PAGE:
Hurricane Maria Hits Puerto Rico after Causing Deaths, Damage in Smaller Islands

A man covers the windows of a supermarket in preparation for Hurricane Maria in San Juan, Puerto Rico September 19, 2017. REUTERS/Carlos Garcia Rawlins
A man covers the windows of a supermarket in preparation for Hurricane Maria in San Juan, Puerto Rico September 19, 2017. REUTERS/Carlos Garcia Rawlins
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Hurricane Maria Hits Puerto Rico after Causing Deaths, Damage in Smaller Islands

A man covers the windows of a supermarket in preparation for Hurricane Maria in San Juan, Puerto Rico September 19, 2017. REUTERS/Carlos Garcia Rawlins
A man covers the windows of a supermarket in preparation for Hurricane Maria in San Juan, Puerto Rico September 19, 2017. REUTERS/Carlos Garcia Rawlins

Maria, one of the strongest hurricanes to ever hit Puerto Rico, pummeled the island Wednesday after leaving at least two people dead in the French territory of Guadeloupe and causing major damage in Dominica.

Maria made landfall early Wednesday in the southeast coastal town of Yabucoa as a Category 4 storm with winds of 155 mph (250 kph) winds, and it was expected to punish the island with life-threatening winds for 12 to 24 hours, forecasters said.

Zinc roofs were already flying and windows were breaking as the storm approached before dawn, with nearly 900,000 people without power and one tree falling on an ambulance. 

"The wind sounds like a woman screaming at the top of her lungs!" photographer and storm chaser Mike Theiss posted on Twitter early Wednesday.

Maria ties for the eighth strongest storm in Atlantic history, when measured by wind speed. Coming in second is this year's Irma, which had 185 mph (300 kph) winds and killed 38 people in the Caribbean and another 36 in the US earlier this month.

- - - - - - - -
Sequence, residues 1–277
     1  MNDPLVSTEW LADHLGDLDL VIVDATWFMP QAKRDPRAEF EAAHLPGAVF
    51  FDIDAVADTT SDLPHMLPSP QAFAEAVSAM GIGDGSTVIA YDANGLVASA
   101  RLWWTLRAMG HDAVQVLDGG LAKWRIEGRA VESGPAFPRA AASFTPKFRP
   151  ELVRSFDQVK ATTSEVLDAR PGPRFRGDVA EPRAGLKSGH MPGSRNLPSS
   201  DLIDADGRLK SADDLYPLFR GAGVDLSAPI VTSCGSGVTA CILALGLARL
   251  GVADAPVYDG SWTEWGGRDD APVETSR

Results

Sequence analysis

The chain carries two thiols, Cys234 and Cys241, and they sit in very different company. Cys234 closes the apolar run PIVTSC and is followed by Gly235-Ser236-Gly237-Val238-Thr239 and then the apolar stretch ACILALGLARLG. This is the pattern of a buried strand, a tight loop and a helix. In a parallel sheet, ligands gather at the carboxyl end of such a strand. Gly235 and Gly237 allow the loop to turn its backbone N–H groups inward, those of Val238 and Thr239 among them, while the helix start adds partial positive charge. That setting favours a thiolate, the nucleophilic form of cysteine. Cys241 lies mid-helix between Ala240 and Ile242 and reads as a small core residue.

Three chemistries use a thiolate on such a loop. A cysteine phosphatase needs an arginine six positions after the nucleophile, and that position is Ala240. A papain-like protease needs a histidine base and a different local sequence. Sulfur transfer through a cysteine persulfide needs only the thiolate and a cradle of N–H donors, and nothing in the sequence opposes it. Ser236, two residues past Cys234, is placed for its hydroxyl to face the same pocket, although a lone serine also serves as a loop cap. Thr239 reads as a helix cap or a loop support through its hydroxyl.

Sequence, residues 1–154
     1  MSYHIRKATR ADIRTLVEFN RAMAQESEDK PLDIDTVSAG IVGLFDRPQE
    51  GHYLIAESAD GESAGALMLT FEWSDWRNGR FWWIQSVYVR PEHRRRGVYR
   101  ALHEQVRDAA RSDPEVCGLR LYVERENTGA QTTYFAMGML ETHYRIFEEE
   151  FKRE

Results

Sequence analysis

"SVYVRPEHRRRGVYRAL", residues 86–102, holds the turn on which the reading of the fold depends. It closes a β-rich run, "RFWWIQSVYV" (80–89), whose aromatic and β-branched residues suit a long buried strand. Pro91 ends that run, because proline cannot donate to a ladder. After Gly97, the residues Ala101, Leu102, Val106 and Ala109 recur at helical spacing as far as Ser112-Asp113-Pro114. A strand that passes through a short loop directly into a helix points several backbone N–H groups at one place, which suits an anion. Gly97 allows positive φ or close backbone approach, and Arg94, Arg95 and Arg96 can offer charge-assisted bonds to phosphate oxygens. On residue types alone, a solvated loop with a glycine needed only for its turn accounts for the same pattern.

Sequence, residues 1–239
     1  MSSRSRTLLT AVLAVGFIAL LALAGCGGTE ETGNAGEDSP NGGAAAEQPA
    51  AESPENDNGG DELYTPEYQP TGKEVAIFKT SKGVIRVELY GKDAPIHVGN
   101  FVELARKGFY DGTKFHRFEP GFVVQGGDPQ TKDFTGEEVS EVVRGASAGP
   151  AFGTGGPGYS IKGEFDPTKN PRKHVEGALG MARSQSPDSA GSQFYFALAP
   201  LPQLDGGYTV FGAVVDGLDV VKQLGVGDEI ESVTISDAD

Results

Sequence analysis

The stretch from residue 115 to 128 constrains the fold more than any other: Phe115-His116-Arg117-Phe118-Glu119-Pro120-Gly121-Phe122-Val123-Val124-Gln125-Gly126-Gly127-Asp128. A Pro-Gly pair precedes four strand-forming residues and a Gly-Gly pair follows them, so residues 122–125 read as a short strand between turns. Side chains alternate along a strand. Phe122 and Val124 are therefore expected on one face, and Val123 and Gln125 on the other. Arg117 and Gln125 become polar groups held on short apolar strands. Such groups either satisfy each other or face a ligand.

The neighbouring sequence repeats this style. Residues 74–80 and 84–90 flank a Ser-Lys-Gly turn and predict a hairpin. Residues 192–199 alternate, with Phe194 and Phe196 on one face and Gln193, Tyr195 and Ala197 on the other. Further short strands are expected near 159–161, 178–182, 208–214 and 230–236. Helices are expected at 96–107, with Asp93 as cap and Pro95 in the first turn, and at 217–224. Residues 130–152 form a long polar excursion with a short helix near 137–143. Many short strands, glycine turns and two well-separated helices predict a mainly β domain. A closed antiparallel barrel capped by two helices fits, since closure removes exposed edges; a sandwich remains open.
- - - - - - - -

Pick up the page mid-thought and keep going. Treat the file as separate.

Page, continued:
Maria killed one person by a falling tree while another died on the seafront in the French Caribbean island of Guadeloupe.

Two people aboard a boat were also reported missing off La Desirade island, just east of Guadeloupe, officials said.

About 40 percent of the island — 80,000 homes — were without power and flooding was reported in several communities.

In Dominica, Prime Minister Roosevelt Skerrit sent out a series of dramatic posts on his Facebook page, including that his own roof had blown away.

"The winds are merciless! We shall survive by the grace of God," Skerrit wrote before communications went down.

The storm knocked out communications for the entire island, leaving anyone outside Dominica struggling to determine the extent of damage, though it was clearly widespread. "The situation is really grave," Consul General Barbara Dailey said in a telephone interview from New York.

She said she lost contact with the island about 4 a.m. At that point, officials had learned that 70 percent of homes had lost their roofs, including her own.



Greece Denies New Report of Brutality to Migrants

Migrants arrive with a dinghy accompanied by a Frontex vessel at the village of Skala Sikaminias, on the Greek island of Lesbos, after crossing the Aegean Sea from Türkiye, Feb. 28, 2020. (AP)
Migrants arrive with a dinghy accompanied by a Frontex vessel at the village of Skala Sikaminias, on the Greek island of Lesbos, after crossing the Aegean Sea from Türkiye, Feb. 28, 2020. (AP)